Some of the physical parameters of spinel and a BGG glass are given in Table I, below:
Dense, transparent spinel ceramics are not currently available from a commercial source although there are companies currently trying to develop a viable manufacturing process. Since presently there is no viable manufacturing process, except the one disclosed in the above-noted application, the cost of spinel products is so high that even the military avoids its use.
In preparing difficult to sinter materials, such as spinel, the material is typically mixed with a sintering aid, such as lithium fluoride, or a secondary material that aids in densification. The sintering aids work in a variety of fashions. The sintering aids can liquefy at or somewhat below the primary material's densification temperature thereby promoting liquid phase sintering. Certain sintering aid materials exhibit higher solid state diffusion coefficients than the primary material's self-diffusion coefficient. The secondary material can conversely have a lower solid state diffusion coefficient that prevents exaggerated grain growth and promotes grain boundary refinement and pinning. The sintering aid can also simply clean or etch the primary material's surfaces thereby enhancing solid state diffusion. These are broad examples of the mechanisms by which sintering aids enhance densification. In actual practice, sintering aids may not fit into just one of the categories outlined above and the same sintering aid can have different function in different material systems or have no effect in other systems.
The BGG glass of this invention, which can transmit light over visible and infrared regions of the light spectra, is characterized by a composition that contains three principal components, although, it should be understood that the glass composition described herein can contain more components than specified herein. The glass composition described herein contains germanium oxide (GeO2); barium oxide (BaO); and gallium oxide (Ga2O3), or more correctly, gallium sesquioxide. It should be understood that other components, such as lanthanum oxide (La2O3), aluminum oxide (Al2O3) indium oxide (In2O3), and other components such as ZnO, SrO, CaO, Zr2O, Y2O3, Gd2O3, Na2O, K2O, Rb2O, Cs2O, and the like, can be included in the glass composition disclosed herein, up to about 10 mole %, as long as they do not change the character of the glass.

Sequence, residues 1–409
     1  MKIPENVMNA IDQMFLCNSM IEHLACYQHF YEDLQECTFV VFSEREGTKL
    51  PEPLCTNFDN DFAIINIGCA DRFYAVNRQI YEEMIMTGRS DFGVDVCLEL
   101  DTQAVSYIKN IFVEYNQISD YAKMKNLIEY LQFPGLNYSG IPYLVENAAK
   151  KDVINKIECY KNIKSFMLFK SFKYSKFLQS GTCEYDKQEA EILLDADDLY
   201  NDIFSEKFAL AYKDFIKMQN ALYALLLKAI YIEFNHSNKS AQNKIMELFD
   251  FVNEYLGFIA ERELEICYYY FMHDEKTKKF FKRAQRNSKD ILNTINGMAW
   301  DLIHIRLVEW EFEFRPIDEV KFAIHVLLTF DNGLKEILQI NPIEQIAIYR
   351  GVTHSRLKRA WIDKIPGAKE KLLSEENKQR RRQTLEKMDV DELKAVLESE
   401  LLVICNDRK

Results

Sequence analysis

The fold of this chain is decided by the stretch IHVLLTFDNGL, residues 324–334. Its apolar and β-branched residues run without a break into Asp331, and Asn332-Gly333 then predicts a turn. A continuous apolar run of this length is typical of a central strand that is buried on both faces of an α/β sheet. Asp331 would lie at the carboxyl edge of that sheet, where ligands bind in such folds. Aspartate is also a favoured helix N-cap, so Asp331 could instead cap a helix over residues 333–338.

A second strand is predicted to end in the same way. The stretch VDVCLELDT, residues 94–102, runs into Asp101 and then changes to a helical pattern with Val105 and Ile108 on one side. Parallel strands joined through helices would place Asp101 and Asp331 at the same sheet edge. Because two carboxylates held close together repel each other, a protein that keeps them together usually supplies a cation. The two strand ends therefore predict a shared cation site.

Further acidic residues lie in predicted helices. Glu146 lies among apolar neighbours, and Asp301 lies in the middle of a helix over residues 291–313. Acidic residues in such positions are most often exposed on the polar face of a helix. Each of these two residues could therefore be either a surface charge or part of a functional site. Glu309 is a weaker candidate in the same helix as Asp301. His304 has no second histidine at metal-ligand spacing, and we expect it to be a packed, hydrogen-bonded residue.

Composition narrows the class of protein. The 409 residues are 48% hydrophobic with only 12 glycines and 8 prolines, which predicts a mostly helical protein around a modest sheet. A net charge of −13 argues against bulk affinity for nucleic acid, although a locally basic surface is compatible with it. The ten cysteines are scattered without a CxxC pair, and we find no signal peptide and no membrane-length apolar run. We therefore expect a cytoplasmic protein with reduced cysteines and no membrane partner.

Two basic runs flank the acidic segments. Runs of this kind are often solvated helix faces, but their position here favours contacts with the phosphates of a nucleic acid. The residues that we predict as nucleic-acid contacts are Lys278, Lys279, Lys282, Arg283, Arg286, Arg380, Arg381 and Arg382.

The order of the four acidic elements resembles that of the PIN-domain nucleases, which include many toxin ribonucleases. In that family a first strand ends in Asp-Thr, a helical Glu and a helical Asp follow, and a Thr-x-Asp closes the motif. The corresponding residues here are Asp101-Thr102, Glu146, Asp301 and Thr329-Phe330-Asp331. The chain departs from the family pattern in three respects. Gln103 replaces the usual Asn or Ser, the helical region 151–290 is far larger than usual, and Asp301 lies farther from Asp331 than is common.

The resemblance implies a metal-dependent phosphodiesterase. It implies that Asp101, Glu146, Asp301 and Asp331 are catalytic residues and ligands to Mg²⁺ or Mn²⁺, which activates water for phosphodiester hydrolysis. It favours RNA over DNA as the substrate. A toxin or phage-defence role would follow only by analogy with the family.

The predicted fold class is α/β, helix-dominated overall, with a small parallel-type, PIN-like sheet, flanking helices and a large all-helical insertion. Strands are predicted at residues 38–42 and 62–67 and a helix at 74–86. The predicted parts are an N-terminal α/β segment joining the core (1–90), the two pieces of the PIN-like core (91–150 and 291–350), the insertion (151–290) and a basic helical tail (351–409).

To avoid crystallization, the mole ratio of barium oxide to gallium oxide should be about 2:1 to 1:1, preferably 1.5:1 to 1:1, and amount of germanium oxide should be about 60 to 95 mole percent, preferably 65 to 90 mole percent, based on the amount of germanium oxide, barium oxide and gallium oxide in the glass composition. If the glass composition is melted with no intention of processing into a fiber application, amount of germanium oxide in the glass composition can be as low as about 40 mole percent and the ratio of barium oxide to gallium oxide can be as high as about 4:1 and as low as about 1:1, on molar basis, in order to avoid crystallization in the glass, where crystallization is undesirable. About 0.1 to about 5 molar percent, preferable 0.5 to 4, gallium oxide in the glass composition can be replaced with a modifying agent selected from lanthanum oxide or indium oxide. This means that if there is 15 mole percent of gallium oxide in a glass composition, up to about 5 mole percent of it can be replaced with a modifying agent. Preferred modifying agent is lanthanum oxide.
The preferred BGG glass composition is within the glass forming portion of the phase diagram and has the composition of, based on mole percent, 10-20 BaO/10-20 Ga2O3/60-80 GeO2, which is purified to contain less than 5 ppm OH— ions and more preferably, less than 1 ppm OH— ions.